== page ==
Overall sharpness seemed solid. A couple of wide shots looked a smidgen soft, but those were the exception to the rule, as the majority of the flick was accurate and detailed.

No issues with jagged edges or shimmering occurred, and I noticed no edge haloes. Source flaws were absent, as the movie looked consistently clean.

Like most films of this sort, Journey gave us a mix of amber and teal. Within those parameters, the hues were positive.

Blacks seemed deep and dark, while shadows showed good smoothness and clarity. I felt happy with the transfer.

As for the Dolby TrueHD 7.1 soundtrack of Journey, it lacked a ton of ambition. The soundfield focused on music and ambience, though it opened up on occasion, mainly in terms of street or farm atmosphere. Nothing especially memorable occurred, though.

Audio quality was fine. Speech seemed natural and concise, without edginess or other issues. Music offered good clarity and range, and effects worked well enough.

They didn’t have much to do, but they appeared reasonably accurate. All of this ended up as a perfectly satisfactory soundtrack for this sort of movie.

As we shift to extras, we launch with an audio commentary from director Gail Mancuso. She brings a running, screen-specific look at story and characters, cast and performances, sets and locations, music, effects, and working with animals.

Overall, Mancuso provides a perfectly listenable chat that never threatens to become anything more than that. While she seems personable and covers the movie to a reasonable degree, the commentary lacks the depth it needs to really work.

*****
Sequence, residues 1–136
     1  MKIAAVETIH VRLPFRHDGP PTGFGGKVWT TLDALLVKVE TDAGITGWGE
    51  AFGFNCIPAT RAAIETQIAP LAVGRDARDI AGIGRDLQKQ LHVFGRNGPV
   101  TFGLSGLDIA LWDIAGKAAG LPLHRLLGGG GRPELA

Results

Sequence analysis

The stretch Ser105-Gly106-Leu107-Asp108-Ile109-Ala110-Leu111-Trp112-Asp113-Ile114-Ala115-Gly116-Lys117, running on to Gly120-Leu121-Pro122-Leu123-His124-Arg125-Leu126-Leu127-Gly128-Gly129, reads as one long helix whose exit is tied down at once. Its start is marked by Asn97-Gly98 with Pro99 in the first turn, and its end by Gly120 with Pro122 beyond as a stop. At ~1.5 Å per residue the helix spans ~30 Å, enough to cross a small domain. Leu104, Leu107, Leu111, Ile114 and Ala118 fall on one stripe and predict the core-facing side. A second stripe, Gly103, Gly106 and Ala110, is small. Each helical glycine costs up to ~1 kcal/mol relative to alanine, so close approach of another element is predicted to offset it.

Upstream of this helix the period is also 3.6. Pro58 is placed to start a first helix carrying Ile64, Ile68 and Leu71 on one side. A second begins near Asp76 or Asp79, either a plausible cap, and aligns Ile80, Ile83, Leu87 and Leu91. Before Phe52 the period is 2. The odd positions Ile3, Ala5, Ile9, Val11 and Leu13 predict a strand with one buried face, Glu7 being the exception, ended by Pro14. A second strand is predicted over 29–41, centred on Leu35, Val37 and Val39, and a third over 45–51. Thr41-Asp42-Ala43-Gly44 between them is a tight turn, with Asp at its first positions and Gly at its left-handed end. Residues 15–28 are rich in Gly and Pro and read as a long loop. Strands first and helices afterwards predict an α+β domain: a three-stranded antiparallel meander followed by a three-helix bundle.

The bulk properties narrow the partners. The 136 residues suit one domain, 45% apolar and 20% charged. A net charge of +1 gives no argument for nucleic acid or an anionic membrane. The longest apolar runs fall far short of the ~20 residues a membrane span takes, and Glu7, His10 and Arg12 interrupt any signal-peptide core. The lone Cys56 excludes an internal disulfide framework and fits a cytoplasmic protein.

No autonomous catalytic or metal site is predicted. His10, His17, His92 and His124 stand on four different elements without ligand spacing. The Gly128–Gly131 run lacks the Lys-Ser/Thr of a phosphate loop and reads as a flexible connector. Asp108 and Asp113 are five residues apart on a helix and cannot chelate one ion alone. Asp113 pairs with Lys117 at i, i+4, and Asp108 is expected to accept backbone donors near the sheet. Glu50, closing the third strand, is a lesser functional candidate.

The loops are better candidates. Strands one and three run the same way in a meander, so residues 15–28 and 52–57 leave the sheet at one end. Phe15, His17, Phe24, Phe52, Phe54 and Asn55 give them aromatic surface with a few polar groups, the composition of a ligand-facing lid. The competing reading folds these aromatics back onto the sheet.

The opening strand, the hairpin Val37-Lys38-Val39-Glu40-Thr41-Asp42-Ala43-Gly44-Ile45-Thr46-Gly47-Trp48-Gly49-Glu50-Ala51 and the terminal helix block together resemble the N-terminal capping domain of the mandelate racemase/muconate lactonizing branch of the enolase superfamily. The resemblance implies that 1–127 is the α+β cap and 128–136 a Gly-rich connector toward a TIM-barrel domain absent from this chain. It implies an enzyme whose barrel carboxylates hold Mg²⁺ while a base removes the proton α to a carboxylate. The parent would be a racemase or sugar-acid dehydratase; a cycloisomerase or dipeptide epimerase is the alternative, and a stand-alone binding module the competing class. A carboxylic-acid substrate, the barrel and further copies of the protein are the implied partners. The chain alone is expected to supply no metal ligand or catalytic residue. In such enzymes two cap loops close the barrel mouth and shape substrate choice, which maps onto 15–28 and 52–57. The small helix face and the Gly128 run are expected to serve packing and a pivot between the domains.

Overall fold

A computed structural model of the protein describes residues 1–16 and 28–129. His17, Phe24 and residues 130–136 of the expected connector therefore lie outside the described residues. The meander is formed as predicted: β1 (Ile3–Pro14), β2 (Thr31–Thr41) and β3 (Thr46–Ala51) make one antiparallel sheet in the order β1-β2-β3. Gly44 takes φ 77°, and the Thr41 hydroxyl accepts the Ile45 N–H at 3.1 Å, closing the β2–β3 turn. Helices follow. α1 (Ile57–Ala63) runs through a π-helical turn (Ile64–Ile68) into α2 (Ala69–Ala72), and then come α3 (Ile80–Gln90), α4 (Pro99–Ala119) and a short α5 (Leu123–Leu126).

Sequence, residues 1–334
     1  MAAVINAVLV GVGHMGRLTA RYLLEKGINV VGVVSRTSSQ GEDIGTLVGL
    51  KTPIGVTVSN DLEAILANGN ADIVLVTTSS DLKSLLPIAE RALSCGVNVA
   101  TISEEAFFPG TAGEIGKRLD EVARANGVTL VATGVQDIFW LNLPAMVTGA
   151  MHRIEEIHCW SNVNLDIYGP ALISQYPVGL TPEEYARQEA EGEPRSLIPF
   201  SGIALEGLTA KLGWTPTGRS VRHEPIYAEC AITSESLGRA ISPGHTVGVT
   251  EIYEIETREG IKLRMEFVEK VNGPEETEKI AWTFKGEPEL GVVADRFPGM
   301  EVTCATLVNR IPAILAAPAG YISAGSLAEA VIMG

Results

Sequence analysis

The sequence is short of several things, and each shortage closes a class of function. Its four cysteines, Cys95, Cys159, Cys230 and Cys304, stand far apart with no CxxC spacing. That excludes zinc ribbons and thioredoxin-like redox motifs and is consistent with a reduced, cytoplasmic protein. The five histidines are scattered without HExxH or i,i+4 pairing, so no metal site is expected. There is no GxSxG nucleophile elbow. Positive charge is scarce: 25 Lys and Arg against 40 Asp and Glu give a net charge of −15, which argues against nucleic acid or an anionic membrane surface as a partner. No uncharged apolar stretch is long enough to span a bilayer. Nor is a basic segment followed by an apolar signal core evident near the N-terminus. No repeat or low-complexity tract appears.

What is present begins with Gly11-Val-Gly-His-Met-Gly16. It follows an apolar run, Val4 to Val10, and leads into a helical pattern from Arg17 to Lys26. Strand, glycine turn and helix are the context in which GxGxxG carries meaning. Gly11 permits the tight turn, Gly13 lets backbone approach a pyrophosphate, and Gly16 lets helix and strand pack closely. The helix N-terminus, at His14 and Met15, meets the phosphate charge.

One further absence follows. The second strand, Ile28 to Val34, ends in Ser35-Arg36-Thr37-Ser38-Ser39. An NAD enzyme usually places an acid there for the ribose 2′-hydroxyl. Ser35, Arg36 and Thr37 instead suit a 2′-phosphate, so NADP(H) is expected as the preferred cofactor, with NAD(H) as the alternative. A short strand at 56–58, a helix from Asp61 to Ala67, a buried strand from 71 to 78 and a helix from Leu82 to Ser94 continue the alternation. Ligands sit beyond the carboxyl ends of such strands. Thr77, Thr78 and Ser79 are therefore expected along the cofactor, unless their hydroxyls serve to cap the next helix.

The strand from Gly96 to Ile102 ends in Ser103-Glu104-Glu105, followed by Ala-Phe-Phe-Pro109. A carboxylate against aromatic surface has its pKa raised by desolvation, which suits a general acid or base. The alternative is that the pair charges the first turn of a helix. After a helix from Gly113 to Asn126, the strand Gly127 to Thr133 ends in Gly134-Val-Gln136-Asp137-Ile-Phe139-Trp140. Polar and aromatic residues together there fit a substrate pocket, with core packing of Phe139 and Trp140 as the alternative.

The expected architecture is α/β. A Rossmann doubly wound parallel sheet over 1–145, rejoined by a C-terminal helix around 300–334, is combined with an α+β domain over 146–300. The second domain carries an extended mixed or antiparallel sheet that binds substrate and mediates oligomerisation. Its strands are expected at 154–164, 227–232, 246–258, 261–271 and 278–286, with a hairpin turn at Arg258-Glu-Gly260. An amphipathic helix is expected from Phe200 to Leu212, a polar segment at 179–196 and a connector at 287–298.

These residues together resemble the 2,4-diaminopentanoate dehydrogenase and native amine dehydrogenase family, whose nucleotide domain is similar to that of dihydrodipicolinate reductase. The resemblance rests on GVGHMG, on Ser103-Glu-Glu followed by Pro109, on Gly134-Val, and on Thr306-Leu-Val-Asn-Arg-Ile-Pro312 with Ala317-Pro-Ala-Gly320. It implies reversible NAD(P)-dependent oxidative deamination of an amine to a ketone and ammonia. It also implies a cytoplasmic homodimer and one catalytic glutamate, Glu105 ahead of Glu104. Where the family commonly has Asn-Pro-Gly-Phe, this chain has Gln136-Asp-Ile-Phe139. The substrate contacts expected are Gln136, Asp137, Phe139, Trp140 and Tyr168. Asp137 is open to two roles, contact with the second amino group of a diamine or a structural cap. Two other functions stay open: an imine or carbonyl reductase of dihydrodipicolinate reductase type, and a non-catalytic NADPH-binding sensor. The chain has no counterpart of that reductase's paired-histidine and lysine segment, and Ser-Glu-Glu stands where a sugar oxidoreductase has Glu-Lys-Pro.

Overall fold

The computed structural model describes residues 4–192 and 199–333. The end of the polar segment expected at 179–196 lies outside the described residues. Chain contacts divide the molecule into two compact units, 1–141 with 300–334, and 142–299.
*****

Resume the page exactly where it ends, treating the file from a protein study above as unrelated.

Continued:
Five featurettes follow, and Working With Dogs lasts five minutes, 35 seconds. It brings comments from co-writers W. Bruce Cameron and Cathryn Michon, animal coordinator Bonnie Judd, and actors Kathryn Prescott, Daniela Barbosa, Henry Lau, Marg Helgenberger, Betty Gilpin, Abby Ryder Fortson and Dennis Quaid.

As implied by the title, we learn about the movie’s canine performers. Expect a fluffy but reasonably informative reel.

With A Dog’s Sequel, we get a five-minute, 13-second reel that includes notes from Quaid, Helgenberger, Lau, Gilpin, Fortson, Prescott, Mancuso, producer Gavin Palone, executive producer Seth William Meier, and actor Josh Gad.

“Sequel” examines story/character realms as well as Mancuso’s impact on the production. Little substance emerges in this mediocre clip.

Everyone’s Best Friend spans three minutes, 55 seconds and involves Quaid, Prescott, Gilpin, Gad, Lau, Fortson and Helgenberger. The actors discuss their pets in this fluffy piece that earns redemption due to all the footage of dogs.

Next comes A Healing Journey, a three-minute, nine-second show with Gad, Cameron, Quaid, Mancuso, Helgenberger and Polone. “Healing” looks more at dogs and their impact on our lives as well as the movie’s themes. It’s watchable at best.

Finally, Scoring the Journey fills three minutes, 22 seconds with info from Mancuso, piano soloist Emily Bear and composer Mark Isham. As expected, “Scoring” covers the film’s music. It does so in a bland manner.

Nine Deleted and Extended Scenes occupy a total of 10 minutes, 32 seconds. Obviously none of these last very long, so don’t expect much from them. They provide minor character beats but nothing I’d call memorable.

A Gag Reel runs seven minutes and features the usual goofs and silliness. At least the array of dogs makes it a little more fun.

The disc opens with ads for Mirai and Secret Life of Pets 2. No trailer for Journey appears here.

A second disc provides a DVD copy of Journey. It includes the same extras as the Blu-ray.

Despite an array of adorable canines, A Dog’s Journey fails to provide a particularly enjoyable tale. Slow and stale, it doesn’t go anywhere especially interesting. The Blu-ray brings good picture, adequate audio and a decent mix of supplements. Journey lacks much charm or purpose.

Viewer Film Ratings: 2 Stars Number of Votes: 2
0 3: